July 23, 2013
“Chris does ALL the driving. I have not driven even one block in South America…and I do not plan to. I have said many times “I’m glad you are doing the driving” and I mean it…the drivers here are crazy. Chris loves it…it’s all his.”
Chris literally does ALL the driving. I lost the feeling in my feet from the chemo and chose not to drive in a foreign country. So when we do these long drives, Chris is behind the wheel the entire time. Luckily, Chris loves to drive. I am the navigator. I would read more, but I get car sick.
Since South American drivers are crazy and road rules are lax, it is good Chris is not intimidated easily. Chris has a great sense of direction (perhaps from his days of ski racing), he is fearless and very aggressive. Meanwhile, his passenger needs tranquillizers.
Many roads — both in and out of town — are 4 lanes wide, but have no set lanes, lines are ignored or as we joke, “just suggestions.”
You need to be alert to lane changers darting without looking. The locals are often more aggressive.
In town, if there are no parking spaces available, it is common to see a car stop in the street, the driver runs into a store for a few minutes, leaving the car in the traffic lane. Traffic must use a single lane for both directions of traffic. Remember, I said this is common . . . we probably see it every time we go out. This is a good time to practice patience. Tranquilo!
With all this crazy driving, we were amazed to see very few accidents. You will see an occasional car with a dent, but not as many as I would have thought.
In Cordoba, pedestrians crossing a busy street, race to the center of the street and stand between two cement cones. We joked that if the women were “busty,” we would have to pull in the side mirror.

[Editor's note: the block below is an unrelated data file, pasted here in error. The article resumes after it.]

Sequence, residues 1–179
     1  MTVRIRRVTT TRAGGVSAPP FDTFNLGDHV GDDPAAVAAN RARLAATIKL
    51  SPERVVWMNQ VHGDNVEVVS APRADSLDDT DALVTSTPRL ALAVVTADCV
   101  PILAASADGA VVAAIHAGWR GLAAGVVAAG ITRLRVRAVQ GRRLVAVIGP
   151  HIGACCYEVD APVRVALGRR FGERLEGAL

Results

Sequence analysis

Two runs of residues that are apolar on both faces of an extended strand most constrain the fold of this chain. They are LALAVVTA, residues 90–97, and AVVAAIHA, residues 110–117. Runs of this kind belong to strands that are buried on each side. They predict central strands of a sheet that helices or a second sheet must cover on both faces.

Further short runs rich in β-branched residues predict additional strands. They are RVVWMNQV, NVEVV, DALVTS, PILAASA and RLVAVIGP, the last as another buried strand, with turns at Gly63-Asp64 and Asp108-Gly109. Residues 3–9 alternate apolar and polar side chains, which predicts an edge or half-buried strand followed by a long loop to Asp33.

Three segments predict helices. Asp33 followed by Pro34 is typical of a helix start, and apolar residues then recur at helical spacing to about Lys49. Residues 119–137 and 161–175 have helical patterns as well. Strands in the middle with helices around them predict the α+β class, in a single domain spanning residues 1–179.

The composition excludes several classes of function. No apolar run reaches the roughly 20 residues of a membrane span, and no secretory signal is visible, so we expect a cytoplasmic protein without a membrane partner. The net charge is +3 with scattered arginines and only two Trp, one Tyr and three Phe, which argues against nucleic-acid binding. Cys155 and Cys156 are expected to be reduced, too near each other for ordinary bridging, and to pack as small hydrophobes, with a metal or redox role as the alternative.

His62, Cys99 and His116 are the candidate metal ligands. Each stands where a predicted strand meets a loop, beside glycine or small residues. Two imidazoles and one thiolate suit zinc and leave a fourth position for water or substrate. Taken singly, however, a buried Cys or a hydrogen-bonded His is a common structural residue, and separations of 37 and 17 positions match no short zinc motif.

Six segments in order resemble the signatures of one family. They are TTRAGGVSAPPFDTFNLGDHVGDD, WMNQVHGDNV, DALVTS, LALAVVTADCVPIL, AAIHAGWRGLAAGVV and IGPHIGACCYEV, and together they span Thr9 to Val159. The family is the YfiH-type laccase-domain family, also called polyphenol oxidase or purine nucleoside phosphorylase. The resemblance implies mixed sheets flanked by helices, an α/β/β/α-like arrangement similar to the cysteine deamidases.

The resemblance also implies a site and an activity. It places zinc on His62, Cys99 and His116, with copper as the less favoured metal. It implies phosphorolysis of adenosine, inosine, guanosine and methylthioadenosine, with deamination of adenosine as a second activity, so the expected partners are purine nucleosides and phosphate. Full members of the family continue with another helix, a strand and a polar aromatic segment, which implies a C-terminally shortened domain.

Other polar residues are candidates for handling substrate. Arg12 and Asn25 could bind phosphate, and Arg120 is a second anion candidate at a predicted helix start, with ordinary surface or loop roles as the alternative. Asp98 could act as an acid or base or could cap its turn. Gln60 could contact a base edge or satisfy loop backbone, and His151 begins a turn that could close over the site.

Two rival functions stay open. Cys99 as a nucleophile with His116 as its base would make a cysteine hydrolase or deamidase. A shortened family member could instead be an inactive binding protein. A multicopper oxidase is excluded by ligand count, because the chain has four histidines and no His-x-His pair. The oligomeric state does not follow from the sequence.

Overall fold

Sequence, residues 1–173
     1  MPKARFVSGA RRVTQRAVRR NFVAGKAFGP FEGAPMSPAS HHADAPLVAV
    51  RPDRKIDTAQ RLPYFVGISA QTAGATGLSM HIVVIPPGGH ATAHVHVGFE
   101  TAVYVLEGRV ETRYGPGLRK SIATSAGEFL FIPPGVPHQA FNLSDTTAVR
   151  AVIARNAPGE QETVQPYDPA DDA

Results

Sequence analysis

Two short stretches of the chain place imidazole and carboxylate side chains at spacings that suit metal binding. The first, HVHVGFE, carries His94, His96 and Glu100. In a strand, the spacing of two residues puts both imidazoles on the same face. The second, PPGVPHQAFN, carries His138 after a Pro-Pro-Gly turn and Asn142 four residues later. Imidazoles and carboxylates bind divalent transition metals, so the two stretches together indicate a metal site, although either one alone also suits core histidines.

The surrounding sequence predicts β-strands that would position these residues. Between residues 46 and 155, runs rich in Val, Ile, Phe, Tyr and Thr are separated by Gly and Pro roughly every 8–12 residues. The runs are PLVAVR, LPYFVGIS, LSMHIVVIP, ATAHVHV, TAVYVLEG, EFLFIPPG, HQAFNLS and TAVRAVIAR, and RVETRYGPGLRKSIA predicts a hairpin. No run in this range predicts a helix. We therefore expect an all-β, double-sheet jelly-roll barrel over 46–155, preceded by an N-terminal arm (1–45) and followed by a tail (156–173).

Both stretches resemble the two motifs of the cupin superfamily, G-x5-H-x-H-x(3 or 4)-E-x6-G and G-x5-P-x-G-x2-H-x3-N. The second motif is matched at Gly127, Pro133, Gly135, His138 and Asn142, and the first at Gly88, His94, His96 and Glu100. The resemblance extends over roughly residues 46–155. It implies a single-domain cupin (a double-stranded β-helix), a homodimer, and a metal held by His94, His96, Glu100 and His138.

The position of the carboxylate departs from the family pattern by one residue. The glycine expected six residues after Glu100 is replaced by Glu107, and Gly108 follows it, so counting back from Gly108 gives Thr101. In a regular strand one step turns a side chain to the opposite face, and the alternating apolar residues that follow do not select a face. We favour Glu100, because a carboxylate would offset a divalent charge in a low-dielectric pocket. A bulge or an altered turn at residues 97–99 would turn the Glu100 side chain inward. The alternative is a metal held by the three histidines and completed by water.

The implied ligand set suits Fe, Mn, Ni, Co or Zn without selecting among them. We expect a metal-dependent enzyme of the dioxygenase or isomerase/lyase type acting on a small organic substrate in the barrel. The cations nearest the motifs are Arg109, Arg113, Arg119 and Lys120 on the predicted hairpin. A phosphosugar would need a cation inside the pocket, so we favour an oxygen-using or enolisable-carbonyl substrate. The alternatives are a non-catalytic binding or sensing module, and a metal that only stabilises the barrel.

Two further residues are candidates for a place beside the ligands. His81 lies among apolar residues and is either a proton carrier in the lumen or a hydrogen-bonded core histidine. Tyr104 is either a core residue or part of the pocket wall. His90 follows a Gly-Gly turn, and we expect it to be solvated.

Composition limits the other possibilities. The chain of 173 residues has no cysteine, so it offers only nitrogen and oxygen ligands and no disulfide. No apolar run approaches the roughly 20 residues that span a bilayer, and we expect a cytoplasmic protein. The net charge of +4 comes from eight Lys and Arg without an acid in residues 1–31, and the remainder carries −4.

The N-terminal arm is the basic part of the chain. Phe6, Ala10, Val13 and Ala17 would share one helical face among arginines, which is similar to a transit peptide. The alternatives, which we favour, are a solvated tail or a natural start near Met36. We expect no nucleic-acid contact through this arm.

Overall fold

Driving is one of the biggest challenges you face on a road trip. This is not the only continent like this. We encountered similar driving/drivers in Italy. It is a serious consideration when planning a trip.
Chris is an aggressive driver who actually thrives on some of this driving. He particularly loved the “twisties” in the mountains. He drove every kind of road from very rough and rocky dirt roads that clung to the side of a mountain (in some places part of the road had washed away) to incredibly smooth paved roads you could roller blade on. I think you could drive a sedan through much of South America, but there are roads where I would not venture without 4-wheel drive and very puncture-resistant tires. Even then, some roads were debatable. I was confident in Chris’ driving, but I worried about the other drivers. Odds are, we would be found at fault since we appear more able to pay for repairs. No wonder I kept my eyes closed.
If you are driving, know this:
In many areas people pull to the right if they want to turn left. They wait on the shoulder (if there is one) until they can cross both lanes of traffic. They may wait awhile as people are not eager to stop.
There is no right on red in South America.
Night driving is especially hazardous. You can not see animals: dogs, cows, sheep, horses, goats, llamas, rocks, etc.
People will walk along the edge of the road – in the dark – wearing black with nothing reflective on them!
People will pass, staying in the oncoming lane until the last moment – really freaks you out to have them driving straight at you.
Headlights: most countries require you drive with lights on ALL the time.
Fun Fact. The Chevy Nova goes by a different name here, Chevy 2 . . . since . . . “no va” means “no go” in Spanish.